Liquidation Underway, But No Need For Meltdown Over Nordstrom’s Departure

March 30, 2023 4 Minute Read

Nordstrom store closing

Nordstrom’s liquidation sale has started, but concerns about a retail meltdown in Canada can be put to rest.

The closure of all 13 Nordstrom stores in Canada has left market watchers wondering about the future of brick-and-mortar retail. While the U.S.-based retailer pointed to e-commerce as a factor in its demise, Nordstrom’s story echoes that of many other department store chains over the years.

“Every time a retailer disappears, we reflexively chalk it up to online shopping,” CBRE Canada Chairman Paul Morassutti said during his Canadian Market Outlook keynote in February. “A huge number of retailers have failed because they were bought by private equity and loaded up with debt. Many failed because they were simply poorly managed. Nothing to do with e-commerce.”

Retail has always been characterized by change, Morassutti reminded his audience; Nordstrom is simply the latest example.

Nordstrom closing

A history of churn

For decades Canadian malls followed a similar pattern, anchored by the same large department stores offering similar merchandise in similar formats across the country.

“Malls in this country were always highly commoditized; they looked the same, they had the same tenant base and virtually all were anchored by Eatons and Simpsons, two iconic, multigenerational retailers,” Morassutti said.

But mismanagement and failure to keep up with changing economic and retail landscapes led both retailers to file for bankruptcy in the 90’s.

In 2013, Canadian discount store Zellers followed a similar pattern when it closed its locations after 82 years of operations. The same year, Target opened 133 stores across Canada, in many cases taking over Zellers leases. The company retreated to the U.S. within two years of its launch, after losing nearly $1 billion in its first year due to poor logistical planning. Target left 15 million sq. ft. of retail space behind.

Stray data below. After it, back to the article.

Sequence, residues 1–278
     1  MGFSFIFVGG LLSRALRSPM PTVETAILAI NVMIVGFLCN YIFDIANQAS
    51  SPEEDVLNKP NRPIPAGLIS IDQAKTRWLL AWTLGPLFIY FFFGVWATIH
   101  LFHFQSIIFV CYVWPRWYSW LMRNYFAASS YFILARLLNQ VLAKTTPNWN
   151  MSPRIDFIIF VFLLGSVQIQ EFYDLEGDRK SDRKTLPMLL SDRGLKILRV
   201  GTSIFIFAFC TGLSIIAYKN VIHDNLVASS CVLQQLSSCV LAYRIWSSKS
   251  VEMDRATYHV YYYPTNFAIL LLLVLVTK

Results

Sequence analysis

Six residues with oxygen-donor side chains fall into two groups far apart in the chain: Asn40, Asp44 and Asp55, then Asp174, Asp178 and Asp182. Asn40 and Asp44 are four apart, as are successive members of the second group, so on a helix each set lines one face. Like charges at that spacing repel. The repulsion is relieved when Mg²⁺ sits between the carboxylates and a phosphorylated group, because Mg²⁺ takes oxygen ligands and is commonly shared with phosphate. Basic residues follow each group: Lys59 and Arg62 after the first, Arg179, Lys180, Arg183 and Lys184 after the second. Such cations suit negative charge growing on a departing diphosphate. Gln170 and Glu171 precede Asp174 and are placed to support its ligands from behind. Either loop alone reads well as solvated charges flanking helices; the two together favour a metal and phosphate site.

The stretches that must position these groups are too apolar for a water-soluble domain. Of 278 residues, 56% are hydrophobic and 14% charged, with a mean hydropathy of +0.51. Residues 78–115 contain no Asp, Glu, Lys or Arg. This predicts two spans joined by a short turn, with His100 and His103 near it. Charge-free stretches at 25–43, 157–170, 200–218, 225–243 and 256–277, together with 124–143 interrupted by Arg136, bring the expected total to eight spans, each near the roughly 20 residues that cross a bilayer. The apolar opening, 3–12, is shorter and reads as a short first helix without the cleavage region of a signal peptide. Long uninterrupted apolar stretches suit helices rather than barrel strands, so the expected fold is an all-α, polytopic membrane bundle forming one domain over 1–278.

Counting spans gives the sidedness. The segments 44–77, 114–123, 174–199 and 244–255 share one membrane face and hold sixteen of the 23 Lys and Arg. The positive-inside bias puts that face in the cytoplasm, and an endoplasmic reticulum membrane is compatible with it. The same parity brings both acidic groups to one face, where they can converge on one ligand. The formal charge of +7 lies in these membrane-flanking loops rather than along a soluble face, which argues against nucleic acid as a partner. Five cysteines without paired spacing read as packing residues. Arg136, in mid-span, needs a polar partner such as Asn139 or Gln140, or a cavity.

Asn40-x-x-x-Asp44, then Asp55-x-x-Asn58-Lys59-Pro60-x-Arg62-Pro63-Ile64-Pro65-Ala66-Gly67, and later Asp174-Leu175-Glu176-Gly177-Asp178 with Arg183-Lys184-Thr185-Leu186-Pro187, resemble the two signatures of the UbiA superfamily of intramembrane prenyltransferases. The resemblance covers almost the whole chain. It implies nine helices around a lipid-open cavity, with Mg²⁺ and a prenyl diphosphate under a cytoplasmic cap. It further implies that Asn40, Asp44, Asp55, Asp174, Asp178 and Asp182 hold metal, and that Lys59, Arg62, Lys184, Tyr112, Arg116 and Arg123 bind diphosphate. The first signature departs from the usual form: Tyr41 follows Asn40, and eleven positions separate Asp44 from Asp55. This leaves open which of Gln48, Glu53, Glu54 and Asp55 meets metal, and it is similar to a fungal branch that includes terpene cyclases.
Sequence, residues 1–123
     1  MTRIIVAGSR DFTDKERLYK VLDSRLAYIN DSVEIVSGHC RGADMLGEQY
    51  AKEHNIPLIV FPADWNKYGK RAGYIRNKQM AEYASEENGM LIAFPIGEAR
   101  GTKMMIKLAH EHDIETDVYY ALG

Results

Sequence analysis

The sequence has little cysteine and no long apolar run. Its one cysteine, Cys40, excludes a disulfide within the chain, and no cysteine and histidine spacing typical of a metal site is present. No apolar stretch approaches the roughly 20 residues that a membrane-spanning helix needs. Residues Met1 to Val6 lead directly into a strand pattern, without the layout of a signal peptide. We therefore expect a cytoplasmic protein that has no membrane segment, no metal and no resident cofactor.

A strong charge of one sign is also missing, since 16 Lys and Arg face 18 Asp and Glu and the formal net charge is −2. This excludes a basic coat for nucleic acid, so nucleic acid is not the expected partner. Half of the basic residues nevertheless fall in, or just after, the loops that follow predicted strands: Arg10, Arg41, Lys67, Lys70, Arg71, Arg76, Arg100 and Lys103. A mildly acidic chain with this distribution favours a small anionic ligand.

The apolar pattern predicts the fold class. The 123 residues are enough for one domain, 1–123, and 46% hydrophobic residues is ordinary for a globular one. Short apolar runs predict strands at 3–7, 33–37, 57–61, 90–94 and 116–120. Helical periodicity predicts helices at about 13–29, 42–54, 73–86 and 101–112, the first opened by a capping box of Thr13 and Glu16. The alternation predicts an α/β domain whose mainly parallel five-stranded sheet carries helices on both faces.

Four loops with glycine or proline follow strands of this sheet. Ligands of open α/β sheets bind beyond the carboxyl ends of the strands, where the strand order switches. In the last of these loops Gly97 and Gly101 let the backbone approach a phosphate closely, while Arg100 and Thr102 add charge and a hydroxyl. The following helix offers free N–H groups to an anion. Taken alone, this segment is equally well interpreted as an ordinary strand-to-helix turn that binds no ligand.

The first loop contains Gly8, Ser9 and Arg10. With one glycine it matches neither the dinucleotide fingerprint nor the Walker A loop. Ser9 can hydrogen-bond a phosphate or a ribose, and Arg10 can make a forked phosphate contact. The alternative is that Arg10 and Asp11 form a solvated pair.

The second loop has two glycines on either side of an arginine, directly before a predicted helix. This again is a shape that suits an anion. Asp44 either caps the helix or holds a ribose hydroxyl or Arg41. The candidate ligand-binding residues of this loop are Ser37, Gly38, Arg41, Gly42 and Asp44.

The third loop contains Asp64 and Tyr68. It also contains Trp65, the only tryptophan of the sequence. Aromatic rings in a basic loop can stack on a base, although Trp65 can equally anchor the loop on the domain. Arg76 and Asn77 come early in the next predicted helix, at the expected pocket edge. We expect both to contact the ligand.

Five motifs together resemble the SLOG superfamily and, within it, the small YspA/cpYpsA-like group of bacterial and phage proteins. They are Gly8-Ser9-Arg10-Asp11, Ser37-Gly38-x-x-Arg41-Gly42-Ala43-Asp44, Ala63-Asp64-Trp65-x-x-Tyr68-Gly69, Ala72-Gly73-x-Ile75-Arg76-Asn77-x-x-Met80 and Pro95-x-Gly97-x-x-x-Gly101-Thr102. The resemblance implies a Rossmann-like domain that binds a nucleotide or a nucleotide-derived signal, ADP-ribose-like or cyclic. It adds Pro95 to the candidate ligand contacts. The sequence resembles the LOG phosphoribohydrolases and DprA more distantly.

“As much as it's sad to see Nordstrom leave, it gives us an opportunity to do things that haven't been done before.”

Shortly after that, Sears went under, leaving yet another 15 million sq. ft. of retail up for grabs.

And now, returning like inflation after a long hiatus, Zellers is back, with 12 stores opening in March inside Hudson’s Bay stores in Ontario and Alberta.

“Retail has always been a very Darwinian asset class,” said Morassutti.

What’s next?

Many have speculated on what will become of the millions of square feet Nordstrom is in the process of vacating.

"As much as it's sad to see Nordstrom leave, it gives us an opportunity to do things that haven't been done before," CBRE’s Kate Camenzuli told The Canadian Press, adding she believes the premier properties left behind by Nordstrom will garner international attention. “These are institutional-grade, phenomenal pieces of real estate,” she told The Toronto Star.

Camenzuli expects whatever takes over the Nordstrom spaces to remain consumer-facing, pointing to entertainment or restaurants as potential options. She also predicts a new focus on experiences, which has become a critical part of the retail ecosystem.

With new CBRE data indicating that 7 out of 10 consumers prefer in-store shopping and that Gen Zers are more likely to shop in-person than Millennials, it’s never been more important for retailers to find innovative ways to capture the attention and dollars of consumers.

“After a decade of evolution, retail is in generally good shape especially given the ravages that Covid threw at it,” says Morassutti. “Investment activity has been fairly strong. Retail sales are up. Rents are up. Pure digital brands are moving into physical space and new retail concepts are emerging. Global sentiment is quite strong.”

“So much for the death of retail.”

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